Knee Replacement 101: Risks, Recovery and Exercise Regimens

Medically Reviewed by Carolin Schneider, MD

Photo Courtesy: [BSIP/UIG/Getty Images]

Knee replacement surgery, also known as knee arthroplasty, replaces joints in the knee that are damaged or worn. Total knee replacement surgery is a procedure in which damaged cartilage and bones of the knee are removed and replaced with artificial metal joints and plastic spacers. Depending on the extent of the damage to the knee, the kneecap may also be resurfaced and covered with a protective plastic button.

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The procedure is typically recommended for individuals with osteoarthritis and those with damaged knees due to severe injuries. A partial knee replacement is similar except that one joint is replaced, and the kneecap may or may not need to be resurfaced, which results in a shorter recovery time. This procedure is usually recommended to people aged 55 to 64, but the prosthetic used often needs to be replaced in about 10 years.

If your knees are damaged and painful, the surgery can help reduce pain and improve your quality of life. However, there are some risks associated with the surgery and potential problems with recovery. Exercise can help strengthen your knee muscles before and after the surgery, which can help in the recovery process.

Knee Replacement Risks

Total knee replacement surgery is considered a low-risk procedure. There are still certain risks involved, including complications from surgical anesthesia, blood clots and infections. Adverse reactions to anesthesia include irregular heartbeats, nerve injuries and stomach problems.

To avoid a potential reaction, it’s important to let your healthcare provider know of potential risk factors you have, such as tobacco use, prior health conditions or medications that may interact with the anesthesia. Blood clots are most likely to occur within two weeks following the procedure, but they can also develop during surgery. Your healthcare provider may prescribe blood-thinning medications to prevent blood clots.

Infections are considered rare with knee replacement surgery. In most cases, healthcare providers prescribe antibiotics before and after the surgery to prevent infection. If a major infection occurs, another surgery may be necessary. Additional risks include implant failure, ongoing knee pain, and injury to the surrounding muscles and blood vessels.

Knee Replacement Recovery

While recovery periods can vary, patients typically experience significant improvement within a month to six weeks from the date of surgery. On rare occasions, the knee can take up to two years to fully heal. Patients are usually required to stay in the healthcare facility for up to three days following the procedure, after which they’re provided with a walker or crutches to support their knees. In about six weeks’ time, many patients are able to walk with minimal support. However, full recovery normally requires physical therapy in order to strengthen the muscles.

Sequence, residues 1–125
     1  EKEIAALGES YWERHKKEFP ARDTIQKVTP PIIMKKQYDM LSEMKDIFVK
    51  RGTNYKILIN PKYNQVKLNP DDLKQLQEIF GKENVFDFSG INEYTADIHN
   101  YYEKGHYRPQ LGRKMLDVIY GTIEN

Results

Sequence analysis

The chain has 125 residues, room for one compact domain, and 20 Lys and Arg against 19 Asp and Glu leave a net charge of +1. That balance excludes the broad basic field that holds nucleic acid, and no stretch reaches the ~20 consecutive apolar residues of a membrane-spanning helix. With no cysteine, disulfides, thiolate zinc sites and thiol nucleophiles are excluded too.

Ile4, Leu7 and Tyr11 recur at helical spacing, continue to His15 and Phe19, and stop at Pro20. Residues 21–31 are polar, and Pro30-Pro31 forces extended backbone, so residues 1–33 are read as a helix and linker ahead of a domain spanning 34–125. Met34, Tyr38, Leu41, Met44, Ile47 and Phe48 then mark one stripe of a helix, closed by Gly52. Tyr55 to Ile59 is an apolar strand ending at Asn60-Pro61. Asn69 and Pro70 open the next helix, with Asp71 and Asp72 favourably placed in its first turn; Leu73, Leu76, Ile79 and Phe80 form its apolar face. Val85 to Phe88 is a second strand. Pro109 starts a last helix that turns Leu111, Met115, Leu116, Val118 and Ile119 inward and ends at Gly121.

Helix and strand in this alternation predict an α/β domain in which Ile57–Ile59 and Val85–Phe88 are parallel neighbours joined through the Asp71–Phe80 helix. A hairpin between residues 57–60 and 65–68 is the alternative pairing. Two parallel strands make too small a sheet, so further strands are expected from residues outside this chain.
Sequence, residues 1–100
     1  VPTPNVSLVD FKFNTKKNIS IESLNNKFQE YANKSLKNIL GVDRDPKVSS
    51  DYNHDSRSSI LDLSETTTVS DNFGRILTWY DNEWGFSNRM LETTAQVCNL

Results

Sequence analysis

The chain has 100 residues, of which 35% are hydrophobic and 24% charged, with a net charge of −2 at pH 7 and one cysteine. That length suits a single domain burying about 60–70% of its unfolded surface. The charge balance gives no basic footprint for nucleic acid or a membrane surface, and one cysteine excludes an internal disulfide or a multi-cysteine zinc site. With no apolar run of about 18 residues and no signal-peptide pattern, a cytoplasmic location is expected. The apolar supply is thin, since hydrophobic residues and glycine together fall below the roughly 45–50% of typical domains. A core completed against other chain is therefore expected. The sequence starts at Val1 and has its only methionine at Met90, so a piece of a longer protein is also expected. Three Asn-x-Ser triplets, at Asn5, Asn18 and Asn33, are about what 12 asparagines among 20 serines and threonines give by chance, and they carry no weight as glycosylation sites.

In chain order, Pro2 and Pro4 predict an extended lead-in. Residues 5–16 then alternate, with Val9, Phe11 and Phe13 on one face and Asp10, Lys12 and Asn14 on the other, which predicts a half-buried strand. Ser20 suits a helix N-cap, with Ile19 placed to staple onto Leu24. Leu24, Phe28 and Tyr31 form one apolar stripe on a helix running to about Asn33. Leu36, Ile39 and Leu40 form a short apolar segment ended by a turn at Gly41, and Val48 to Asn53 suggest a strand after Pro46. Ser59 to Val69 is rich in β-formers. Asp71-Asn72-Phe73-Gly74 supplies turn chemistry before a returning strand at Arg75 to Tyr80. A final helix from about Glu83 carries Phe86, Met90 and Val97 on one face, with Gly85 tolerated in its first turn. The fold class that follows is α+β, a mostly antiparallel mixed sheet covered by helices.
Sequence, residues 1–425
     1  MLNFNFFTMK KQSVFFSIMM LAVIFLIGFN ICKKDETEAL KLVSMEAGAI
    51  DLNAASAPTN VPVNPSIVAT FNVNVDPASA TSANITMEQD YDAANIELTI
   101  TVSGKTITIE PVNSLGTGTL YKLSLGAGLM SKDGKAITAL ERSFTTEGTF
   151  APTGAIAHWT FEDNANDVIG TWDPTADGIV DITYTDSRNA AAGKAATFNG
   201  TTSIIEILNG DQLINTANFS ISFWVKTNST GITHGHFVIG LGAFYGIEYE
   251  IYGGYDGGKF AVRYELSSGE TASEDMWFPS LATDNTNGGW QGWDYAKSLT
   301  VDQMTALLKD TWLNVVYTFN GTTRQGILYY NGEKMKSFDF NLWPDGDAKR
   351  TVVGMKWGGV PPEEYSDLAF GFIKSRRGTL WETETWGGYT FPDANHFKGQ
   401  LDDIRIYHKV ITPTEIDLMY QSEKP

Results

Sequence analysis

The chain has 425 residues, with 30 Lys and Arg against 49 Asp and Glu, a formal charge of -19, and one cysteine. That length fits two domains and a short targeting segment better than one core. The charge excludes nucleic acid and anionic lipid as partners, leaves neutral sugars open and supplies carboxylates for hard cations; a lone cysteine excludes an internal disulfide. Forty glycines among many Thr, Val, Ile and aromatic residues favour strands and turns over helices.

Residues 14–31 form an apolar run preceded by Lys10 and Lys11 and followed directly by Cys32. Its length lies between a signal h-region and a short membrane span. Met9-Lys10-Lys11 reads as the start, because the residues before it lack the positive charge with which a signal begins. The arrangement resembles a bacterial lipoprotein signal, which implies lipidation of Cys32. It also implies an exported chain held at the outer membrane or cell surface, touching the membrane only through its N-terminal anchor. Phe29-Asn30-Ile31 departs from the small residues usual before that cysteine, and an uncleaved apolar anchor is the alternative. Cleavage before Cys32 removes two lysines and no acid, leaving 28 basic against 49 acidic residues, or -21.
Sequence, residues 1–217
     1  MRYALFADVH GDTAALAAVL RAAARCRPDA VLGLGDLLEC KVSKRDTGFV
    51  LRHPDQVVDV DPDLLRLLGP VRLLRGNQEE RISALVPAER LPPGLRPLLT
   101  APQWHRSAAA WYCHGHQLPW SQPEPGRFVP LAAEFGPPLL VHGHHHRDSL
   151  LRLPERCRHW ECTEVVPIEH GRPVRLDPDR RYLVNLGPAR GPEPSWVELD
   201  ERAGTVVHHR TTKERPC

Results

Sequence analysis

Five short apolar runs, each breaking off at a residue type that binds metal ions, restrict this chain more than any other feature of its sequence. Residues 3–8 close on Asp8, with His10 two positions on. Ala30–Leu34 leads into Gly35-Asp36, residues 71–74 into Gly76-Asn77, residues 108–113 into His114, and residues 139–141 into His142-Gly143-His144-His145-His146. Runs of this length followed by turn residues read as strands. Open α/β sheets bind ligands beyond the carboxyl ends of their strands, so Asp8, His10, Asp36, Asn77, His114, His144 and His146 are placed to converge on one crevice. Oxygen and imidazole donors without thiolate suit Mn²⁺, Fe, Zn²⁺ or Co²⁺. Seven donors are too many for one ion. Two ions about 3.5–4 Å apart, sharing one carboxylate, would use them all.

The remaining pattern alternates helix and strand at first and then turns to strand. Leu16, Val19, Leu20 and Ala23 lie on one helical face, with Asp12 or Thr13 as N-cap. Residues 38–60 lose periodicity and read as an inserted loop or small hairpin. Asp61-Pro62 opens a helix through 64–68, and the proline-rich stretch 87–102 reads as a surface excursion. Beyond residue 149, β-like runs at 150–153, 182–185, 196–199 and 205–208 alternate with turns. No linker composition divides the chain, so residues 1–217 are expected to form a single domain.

Knee Replacement Exercises

Before the surgery, it’s recommended that you continue to do light exercises like swimming or walking to strengthen the muscles around your knee. While it’s common to experience pain and discomfort during the recovery period, exercise is essential when it comes to rebuilding strength and adjusting to your new implant. People who’ve had knee replacements sometimes start strengthening movements as soon as a few hours after surgery. After a couple days, you’ll be instructed to start doing short walks inside your home to increase your mobility. When your legs feel strong enough, longer outdoor walks are usually recommended.

Knee replacement patients are also advised to resume their everyday activities, such as climbing stairs and performing light housework, as these activities help to strengthen the muscles and joints. In addition to daily activities, your surgeon will prescribe specific knee-strengthening exercises you’ll need to perform up to three times a day. These usually include knee bends, thigh stretches and ankle stretches, and you can complete them at home or with the assistance of a healthcare professional.

Elevating your leg and putting ice on your knee can help with any swelling or pain that may occur after exercising.

A total knee replacement is the replacing of both sides of the knee joint with plastic or metal prosthetics. In a partial knee replacement, only one part of the knee joint is replaced. If your healthcare provider suggests a knee replacement procedure, it’s important to educate yourself on the potential risk factors involved with the surgery and the recovery process, as your activity will be limited for a period of time in order to promote proper healing.

Resource Links:

https://www.nhs.uk/conditions/knee-replacement/

https://orthoinfo.aaos.org/en/recovery/total-knee-replacement-exercise-guide/

https://orthoinfo.aaos.org/en/treatment/total-knee-replacement/

https://www.mayoclinic.org/tests-procedures/knee-replacement/about/pac-20385276